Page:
For Discriminating Scuba Divers Of Every Level
Offers The Opportunity To Swim With Pelagics
Tobago offers many experiences for the discriminating scuba diver. Just north of Venezuela and south of Grenada, this modest island is home to just over 50,000 people. But, its small size belies its reputation for big diving. With dive sites for every experience level, the healthy reefs feature both hard and soft coral and provide the chance to view some of the largest recorded brain coral in the world. Most dives are thrilling drift dives fueled by the nutrient-rich Guyana Current and offer the opportunity to swim with pelagics – an exciting treat for even the most experienced diver. However, it isn’t just the reefs that drive divers to this location, the marine life is also varied and abundant, with macro photography being a favorite activity. On land, Tobago is a nature lover’s paradise with hiking through the forest and bird watching being popular with many visitors.
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Visibility – The nutrient-rich flow from Venezuela’s Orinoco river influences not only the lush reef growth, but also affects visibility. Depending on the time of year, Tobago’s water can be a beautiful turquoise color with 15-30 metres/50-100 feet of visibility or can become cloudy with visibility dropping around to around 10 metres/30 feet. The great thing about an island is that if conditions are not ideal on one side, they are likely much better on the other.
Water Temperature – In the winter, the water temperature around Tobago averages 25°C/78°F, and rises to 28°C/84°F in summer.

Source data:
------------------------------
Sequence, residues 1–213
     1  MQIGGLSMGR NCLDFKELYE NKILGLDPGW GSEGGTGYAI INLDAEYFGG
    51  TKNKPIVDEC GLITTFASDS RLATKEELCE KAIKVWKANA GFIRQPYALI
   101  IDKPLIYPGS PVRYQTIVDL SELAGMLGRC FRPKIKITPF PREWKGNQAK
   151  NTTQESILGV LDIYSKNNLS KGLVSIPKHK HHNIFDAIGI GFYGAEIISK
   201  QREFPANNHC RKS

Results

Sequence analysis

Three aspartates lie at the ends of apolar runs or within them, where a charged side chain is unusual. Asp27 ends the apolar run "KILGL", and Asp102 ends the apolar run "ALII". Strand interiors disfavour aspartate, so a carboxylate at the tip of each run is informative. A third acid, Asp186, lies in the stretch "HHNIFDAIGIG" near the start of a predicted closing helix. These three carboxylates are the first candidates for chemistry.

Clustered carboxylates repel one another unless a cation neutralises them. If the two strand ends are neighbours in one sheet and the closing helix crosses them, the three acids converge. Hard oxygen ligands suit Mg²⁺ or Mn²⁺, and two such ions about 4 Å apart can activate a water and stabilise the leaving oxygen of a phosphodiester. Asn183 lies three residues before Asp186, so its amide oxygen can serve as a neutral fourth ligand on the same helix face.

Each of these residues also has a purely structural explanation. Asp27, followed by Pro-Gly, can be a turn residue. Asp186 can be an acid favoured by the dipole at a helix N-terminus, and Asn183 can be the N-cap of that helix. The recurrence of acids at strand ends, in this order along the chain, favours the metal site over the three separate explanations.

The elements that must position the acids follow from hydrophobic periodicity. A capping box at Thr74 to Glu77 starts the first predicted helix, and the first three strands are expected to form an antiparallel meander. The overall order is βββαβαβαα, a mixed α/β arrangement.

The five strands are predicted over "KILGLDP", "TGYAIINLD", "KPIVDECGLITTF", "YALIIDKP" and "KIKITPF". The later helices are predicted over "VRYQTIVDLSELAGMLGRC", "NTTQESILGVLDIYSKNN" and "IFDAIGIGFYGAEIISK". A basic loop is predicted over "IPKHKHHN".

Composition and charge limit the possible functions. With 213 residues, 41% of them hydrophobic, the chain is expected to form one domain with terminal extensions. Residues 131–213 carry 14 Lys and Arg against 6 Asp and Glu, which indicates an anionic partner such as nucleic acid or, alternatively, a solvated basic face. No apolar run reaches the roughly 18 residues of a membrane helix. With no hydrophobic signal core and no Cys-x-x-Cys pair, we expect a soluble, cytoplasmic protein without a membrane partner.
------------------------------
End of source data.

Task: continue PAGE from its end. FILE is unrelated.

Weather – Tobago is outside the main hurricane belt and seldom feels the effect of the hurricane season. Diving is fine all year but visibility can be lower in the rainy season from July to December. Seasonal temperatures average 27°C/80°F in winter and 30°C/88°F in summer.
Featured Creatures – From hawksbill turtles to moray eels, octopuses to eagle rays, divers can interact with more than 300 species of marine life. In addition to the more common fish life, divers can also spot rare dwarf angelfish such as the cherub and flameback. The big animals are also often out in force and can include schooling jacks, scalloped hammerhead sharks and manta rays.
Recommended Training – Since drift diving is the norm on Tobago, the PADI Drift Diver course is highly recommended. AWARE – Fish Identification and PADI Digital Underwater Photographer will help you enjoy the diverse marine life on Tobago and capture great shots.
Note - Travel to any destination may be adversely affected by conditions including (but not limited) to security, entry and exit requirements, health conditions, local laws and culture, natural disasters and climate. Regardless of your destination, check your local travel advisory board or department for travel advice about that location when planning your trip and again shortly before you leave.
Language – The official language is English but many locals also speak Creole that is a combination of Patois and European languages.
Currency – TT (Trinidad and Tobago dollar) is the official currency. In most places, credit cards are accepted.
Major Airports – A few international flights arrive at Tobago’s A.N.R. Robinson International Airport. There are more flights into Trinidad’s Piarco International Airport and regular service between the two islands.
Electricity and Internet – 110 volts, 60Hz is most common, but 240 volts, 60Hz is available on Tobago. Inquire at your hotel before you arrive. Internet is available at major hotels and internet cafés.
Topside Attractions – Visit the Main Ridge Rain Forest. Bird watch on Little Tobago Island or along the Gilford Trace trail to spot some of Tobago’s more than 200 bird species. Hike to Argyle Falls. Try the Adventure Farm and Nature Reserve for hummingbird spotting. Visit the beautiful Pigeon Point Heritage Park.
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